WASHINGTON, D.C., U.S. — The U.S. Grains Council (USGC) announced on June 25 the selection of Thomas N. Sleight as president and chief executive officer (CEO) to replace the retiring Thomas C. Dorr.

Sleight initially joined the council in 1983 and has served in multiple capacities both in the Washington, D.C., U.S., headquarters and overseas. After leaving for stints with other agricultural organizations, he returned to the council in November 2010 as vice-president of operations and membership. Sleight’s cumulative service with the council spans 18 years and includes successful assignments in program operations in the Washington, D.C., office, international program direction in the field, communications, membership and administrative functions.

While he is retiring from day-to-day executive duties, Dorr will continue on a part-time basis with the council as a consultant focusing on a number of long-range initiatives begun during his tenure.

“Tom Dorr has made a tremendous contribution to the council, especially in reorienting us to emerging markets and new opportunities,” said Wendell Shauman, USGC’s chairman. “Tom’s leadership has been responsible for the adoption of a new strategic plan, the beginning of a global realignment of the council’s assets, and very productive engagements at a policy level with China and other countries around the world.”

Dorr joined the council in December 2009 after serving as Agriculture Under Secretary for Rural Development in the Bush Administration. Dorr’s tenure as president and CEO was highlighted by a major expansion of the council’s role beyond its traditional capacity building and trade servicing missions. Recognizing that the most significant impediments to expanded exports of U.S. feed grains are today rooted in policy barriers, the council reached out to partners around the world at a policy level to engage on issues including international acceptance of new crop production technologies, enhancing food security through trade, and expanded export of value added products and corn co-products. To support these efforts, the council also developed and implemented a new long-term strategic plan and a strategic communications and branding initiative.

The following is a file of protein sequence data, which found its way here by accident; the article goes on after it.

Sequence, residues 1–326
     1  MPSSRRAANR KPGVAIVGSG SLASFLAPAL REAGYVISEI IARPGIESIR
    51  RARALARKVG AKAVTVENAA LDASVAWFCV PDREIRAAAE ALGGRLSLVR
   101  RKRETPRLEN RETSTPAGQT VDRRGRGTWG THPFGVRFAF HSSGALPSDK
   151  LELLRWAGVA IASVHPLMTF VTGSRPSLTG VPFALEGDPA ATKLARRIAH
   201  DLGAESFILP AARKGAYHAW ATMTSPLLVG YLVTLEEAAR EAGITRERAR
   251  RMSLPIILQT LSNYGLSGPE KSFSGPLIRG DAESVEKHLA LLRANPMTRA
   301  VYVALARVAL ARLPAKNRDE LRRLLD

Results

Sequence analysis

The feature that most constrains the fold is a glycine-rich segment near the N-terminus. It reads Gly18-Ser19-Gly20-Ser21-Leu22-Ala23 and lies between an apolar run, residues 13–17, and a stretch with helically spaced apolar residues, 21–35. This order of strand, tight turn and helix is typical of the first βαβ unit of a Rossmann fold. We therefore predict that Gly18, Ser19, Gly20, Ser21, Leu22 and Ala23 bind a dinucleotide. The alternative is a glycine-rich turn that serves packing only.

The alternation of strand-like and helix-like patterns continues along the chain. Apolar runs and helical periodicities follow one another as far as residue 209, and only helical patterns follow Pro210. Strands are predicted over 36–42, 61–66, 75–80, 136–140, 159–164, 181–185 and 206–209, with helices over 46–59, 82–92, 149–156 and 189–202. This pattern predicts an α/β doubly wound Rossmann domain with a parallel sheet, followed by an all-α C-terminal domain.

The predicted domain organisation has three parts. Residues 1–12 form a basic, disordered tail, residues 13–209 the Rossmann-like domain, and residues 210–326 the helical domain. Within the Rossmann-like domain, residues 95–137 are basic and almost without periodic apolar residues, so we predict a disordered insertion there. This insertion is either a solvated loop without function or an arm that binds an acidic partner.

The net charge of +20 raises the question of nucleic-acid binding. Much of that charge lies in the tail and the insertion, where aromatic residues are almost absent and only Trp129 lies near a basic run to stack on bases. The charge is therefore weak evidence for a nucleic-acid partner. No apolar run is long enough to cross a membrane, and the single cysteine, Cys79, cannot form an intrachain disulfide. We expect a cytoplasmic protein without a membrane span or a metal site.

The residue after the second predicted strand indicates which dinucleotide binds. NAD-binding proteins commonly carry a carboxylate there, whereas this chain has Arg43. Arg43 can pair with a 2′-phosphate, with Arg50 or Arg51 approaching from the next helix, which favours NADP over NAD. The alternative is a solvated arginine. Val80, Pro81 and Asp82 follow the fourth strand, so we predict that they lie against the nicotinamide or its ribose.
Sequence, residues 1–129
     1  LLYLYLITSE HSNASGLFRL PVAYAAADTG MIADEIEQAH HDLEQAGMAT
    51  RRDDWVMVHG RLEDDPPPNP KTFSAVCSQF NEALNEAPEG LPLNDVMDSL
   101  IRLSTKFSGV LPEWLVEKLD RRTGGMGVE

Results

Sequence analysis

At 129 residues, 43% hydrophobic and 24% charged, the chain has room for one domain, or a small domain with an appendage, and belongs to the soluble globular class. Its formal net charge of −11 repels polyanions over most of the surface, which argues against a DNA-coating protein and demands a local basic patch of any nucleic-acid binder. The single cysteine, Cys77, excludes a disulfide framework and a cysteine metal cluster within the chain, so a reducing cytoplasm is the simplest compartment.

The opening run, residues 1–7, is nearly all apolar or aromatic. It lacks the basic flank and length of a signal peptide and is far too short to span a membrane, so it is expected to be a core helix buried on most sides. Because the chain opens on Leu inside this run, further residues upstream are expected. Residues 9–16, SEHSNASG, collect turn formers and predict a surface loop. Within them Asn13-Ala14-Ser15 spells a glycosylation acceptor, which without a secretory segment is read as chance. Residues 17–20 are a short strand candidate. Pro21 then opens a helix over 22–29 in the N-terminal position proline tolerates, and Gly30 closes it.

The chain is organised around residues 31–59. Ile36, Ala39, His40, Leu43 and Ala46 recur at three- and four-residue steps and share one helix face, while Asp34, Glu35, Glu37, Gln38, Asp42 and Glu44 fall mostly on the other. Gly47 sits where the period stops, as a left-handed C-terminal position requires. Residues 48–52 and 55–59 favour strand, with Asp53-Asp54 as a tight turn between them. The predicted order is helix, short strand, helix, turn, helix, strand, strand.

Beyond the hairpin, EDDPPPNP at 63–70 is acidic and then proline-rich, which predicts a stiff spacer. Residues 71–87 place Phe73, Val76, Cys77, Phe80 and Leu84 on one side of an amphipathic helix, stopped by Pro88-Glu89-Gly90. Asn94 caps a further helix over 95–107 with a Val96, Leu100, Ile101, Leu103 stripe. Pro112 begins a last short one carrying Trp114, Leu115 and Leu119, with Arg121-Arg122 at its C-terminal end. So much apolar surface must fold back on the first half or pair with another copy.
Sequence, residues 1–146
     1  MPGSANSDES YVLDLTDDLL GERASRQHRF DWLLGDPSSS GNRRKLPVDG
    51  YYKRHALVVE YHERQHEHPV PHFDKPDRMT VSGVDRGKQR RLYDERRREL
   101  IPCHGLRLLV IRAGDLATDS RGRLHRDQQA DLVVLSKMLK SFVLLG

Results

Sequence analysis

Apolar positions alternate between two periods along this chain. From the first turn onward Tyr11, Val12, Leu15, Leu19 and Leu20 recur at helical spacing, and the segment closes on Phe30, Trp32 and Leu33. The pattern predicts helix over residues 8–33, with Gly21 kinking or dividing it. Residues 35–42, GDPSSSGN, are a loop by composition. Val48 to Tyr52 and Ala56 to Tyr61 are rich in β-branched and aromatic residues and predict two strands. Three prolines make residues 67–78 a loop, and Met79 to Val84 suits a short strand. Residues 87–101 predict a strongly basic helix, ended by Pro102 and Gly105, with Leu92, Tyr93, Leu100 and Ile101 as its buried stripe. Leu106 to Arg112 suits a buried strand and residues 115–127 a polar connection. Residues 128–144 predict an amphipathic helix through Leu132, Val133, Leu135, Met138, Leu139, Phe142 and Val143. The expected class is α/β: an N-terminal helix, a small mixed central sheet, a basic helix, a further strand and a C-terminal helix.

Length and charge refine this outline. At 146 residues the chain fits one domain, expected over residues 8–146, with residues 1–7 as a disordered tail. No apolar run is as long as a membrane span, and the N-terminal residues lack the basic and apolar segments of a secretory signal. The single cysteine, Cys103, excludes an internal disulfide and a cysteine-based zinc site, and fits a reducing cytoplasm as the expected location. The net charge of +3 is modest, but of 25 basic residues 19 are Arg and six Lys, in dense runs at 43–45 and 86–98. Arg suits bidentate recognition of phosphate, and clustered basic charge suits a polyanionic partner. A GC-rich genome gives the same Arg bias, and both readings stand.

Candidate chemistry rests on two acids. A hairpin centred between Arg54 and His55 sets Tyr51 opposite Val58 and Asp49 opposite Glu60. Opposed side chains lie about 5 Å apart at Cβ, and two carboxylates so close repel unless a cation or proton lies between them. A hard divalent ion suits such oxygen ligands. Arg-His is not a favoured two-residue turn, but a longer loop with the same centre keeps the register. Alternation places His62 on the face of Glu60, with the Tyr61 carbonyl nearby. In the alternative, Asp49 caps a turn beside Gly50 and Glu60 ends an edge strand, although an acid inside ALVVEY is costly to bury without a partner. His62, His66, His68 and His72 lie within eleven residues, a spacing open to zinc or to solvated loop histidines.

“I am very proud of what the council has achieved in the last several years,” said Dorr. “The growth of the global middle class is driving and will continue to drive food demand, and both U.S. producers and our competitors around the world are ramping up to meet the challenge. The council’s board of directors deserve great credit for recognizing the need to change. I cannot say enough about the readiness of our staff to step up to the new challenges.”

“The council is expanding its reach and focusing on new priorities and strategic direction set by the board of directors,” said Sleight. “We have made great progress in recent years and I look forward to continuing to create value for U.S. producers and agribusinesses.”